8. snapdragonx thread starter macrumors regular

    Oct 31, 2012
    Thanks for the advice all.

    I'm tempted to just go for the Fusion Drive to be honest. A BTO 512GB SSD is an extra $960 here in NZ which is just crazy.

    But I'm just worried that with the Fusion Drive, I'll be going backwards in performance compared to my old rMPB.
  9. KaraH macrumors 6502

    Nov 12, 2012
    Yes, I am all too familiar with how things can go wrong in a datacenter accidentally. These are people who certainly know tech issues but accidents happen. Which is why I prefer something like a tower form factor (which apple no longer makes) as that keeps as many connections as possible away from where they can get bumped.

    It seems to be a mixed bag. Some people quote under 2 years, some decades. It depends on quality and usage. Apple uses two different ones last I knew and one is better than the other. Plus there is fusion and how that uses the drive (constantly moving blocks between the SSD and the HDD can not be good for your write count). If it were not for fusion I would reformat the drive to not use 27% of the space.

    An internal SSD would be nice but I am leaning to an external one for frequently used applications (possibly also the OS but keeping an internal copy too). It is a bit early in the technological cycle to have it be in what is literally a glued up box. Plus I can get a good quality one for less expense.
  10. Insar, Jul 8, 2013
    Last edited: Jul 8, 2013

    Insar macrumors newbie

    Apr 28, 2013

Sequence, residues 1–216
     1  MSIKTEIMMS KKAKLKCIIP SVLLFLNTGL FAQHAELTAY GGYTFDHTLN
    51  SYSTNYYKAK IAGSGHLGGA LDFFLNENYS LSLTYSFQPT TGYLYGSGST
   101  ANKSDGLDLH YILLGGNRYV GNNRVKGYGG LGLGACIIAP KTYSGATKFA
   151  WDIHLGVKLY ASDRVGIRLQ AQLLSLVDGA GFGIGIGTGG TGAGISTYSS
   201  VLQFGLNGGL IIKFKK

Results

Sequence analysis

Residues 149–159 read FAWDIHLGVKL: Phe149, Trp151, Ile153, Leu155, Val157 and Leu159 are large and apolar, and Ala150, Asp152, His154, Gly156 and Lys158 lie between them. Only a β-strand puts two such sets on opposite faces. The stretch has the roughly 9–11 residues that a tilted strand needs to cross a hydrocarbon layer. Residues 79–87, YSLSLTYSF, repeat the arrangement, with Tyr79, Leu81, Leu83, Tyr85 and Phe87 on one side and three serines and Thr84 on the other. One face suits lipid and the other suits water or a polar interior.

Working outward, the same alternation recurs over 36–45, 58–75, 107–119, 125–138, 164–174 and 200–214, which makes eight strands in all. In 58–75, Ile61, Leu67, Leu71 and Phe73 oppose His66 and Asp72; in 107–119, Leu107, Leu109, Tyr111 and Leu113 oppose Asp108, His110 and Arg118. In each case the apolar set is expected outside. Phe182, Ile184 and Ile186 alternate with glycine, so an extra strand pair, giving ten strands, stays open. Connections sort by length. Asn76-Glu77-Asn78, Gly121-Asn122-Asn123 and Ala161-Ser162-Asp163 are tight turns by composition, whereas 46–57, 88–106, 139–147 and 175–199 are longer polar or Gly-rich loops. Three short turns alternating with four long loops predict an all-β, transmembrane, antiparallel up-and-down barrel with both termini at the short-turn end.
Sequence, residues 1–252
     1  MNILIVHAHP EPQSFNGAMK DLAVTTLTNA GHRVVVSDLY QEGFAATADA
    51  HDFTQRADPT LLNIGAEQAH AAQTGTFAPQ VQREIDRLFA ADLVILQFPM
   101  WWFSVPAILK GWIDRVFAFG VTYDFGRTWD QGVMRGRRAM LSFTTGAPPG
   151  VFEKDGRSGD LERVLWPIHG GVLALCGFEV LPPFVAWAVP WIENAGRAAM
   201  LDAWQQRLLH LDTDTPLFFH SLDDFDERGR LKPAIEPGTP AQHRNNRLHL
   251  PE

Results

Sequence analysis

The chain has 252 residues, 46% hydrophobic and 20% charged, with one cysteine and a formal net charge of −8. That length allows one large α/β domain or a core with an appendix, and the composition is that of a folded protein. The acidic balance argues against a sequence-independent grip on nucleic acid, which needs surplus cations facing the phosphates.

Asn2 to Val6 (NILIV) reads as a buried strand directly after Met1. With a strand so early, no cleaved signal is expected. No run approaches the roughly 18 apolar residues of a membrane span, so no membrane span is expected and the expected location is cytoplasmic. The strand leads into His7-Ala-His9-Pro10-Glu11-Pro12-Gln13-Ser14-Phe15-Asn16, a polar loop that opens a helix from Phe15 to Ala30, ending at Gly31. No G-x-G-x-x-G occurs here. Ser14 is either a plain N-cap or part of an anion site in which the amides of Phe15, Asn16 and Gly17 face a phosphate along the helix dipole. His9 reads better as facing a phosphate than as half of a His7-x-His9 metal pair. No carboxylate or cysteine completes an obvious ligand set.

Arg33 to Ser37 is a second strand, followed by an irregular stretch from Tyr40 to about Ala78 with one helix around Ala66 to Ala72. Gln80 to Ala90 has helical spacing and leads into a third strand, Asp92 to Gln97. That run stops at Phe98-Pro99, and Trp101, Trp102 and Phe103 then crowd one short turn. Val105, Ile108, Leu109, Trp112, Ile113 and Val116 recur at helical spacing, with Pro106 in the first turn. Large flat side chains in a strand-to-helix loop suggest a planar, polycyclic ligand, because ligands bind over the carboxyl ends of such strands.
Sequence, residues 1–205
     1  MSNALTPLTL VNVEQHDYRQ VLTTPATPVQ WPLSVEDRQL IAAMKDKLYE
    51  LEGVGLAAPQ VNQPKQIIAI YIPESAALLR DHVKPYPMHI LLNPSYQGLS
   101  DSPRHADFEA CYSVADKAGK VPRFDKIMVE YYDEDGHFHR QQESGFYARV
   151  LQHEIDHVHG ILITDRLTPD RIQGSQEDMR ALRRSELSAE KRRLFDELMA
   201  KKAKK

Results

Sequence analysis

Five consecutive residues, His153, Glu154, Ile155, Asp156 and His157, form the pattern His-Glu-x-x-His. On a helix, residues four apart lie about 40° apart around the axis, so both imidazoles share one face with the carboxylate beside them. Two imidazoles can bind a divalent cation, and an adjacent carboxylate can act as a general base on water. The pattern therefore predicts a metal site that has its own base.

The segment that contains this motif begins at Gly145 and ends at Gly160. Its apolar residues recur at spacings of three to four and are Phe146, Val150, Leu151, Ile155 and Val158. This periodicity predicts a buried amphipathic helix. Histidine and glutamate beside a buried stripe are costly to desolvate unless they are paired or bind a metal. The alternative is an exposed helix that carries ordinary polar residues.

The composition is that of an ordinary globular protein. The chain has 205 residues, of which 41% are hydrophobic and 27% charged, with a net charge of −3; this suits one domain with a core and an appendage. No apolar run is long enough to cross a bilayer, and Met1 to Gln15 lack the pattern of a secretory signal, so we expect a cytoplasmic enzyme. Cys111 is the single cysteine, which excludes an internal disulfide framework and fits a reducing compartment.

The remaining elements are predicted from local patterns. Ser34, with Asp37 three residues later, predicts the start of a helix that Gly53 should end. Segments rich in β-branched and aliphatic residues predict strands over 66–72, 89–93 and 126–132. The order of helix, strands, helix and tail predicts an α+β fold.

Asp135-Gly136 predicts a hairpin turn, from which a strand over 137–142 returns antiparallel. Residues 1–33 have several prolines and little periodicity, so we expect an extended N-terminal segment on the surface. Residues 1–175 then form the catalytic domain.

I bought the macmail lacie little big disk sata 2 ref for $ 160 I am very pleased with my purchase. After hdd replacement on the ssd Vertex 4 128gb in RAID0 speed is very good

    I also replaced the internal hdd to ssd samsung 830 256gb and SSD Apple 256gb in RAID 0 speed is excellent. The difference in the speed of work of the iMac, I have not noticed.

    Attached Files:

  11. whooleytoo macrumors 604


    Aug 2, 2002
    Cork, Ireland.
    Ditto on the worries about external drive. Bought a 2013 iMac recently and though I'm happy with it the hard drive is sloooow. Definitely considering installing the OS & apps on an external TB SSD.

    I'm not sure if there's a disadvantage in having the pagefile on an SSD (in terms of reducing the lifetime) - but this test is very encouraging - they stress tested several SSDs continuously for 10 months before any started failing - well beyond the manufacturers' recommended lifetime write limits.

    Now it's just a matter of finding a good, fast, reliable, cheap one! :)
  12. yjchua95 macrumors 604

    Apr 23, 2011
    GVA, KUL, MEL (current), ZQN
    Only an internal SSD will give maximum performance.

    A single external Thunderbolt SSD won't even give full SATA3 speeds, due to overhead.

    External Samsung 840 Evo 500GB - 430MB/s read/write (mounted in a Buffalo HD-PATU3 TB enclosure)

    Internal SM0512F 512GB PCIe SSD - 750 MB/s read and 720MB/s write.

    In normal usage you won't notice any difference. In I/O intensive tasks like heavy video editing.

    I'd suggest you to just save up for a bit longer and go for a 512GB option.
  13. SaSaSushi macrumors 68040


    Aug 8, 2007
    Takamatsu, Japan
    The post you were replying to is a year old, so I have to assume he's probably made his decision by now. :p

    Even though I got my Late 2013 iMac with a 1TB Fusion Drive this is exactly what I've done, booting OS X off a 500GB Samsung 840 EVO SSD (split half and half with BootCamp) in a Delock 42490 Thunderbolt enclosure.

    I couldn't be happier with it. :)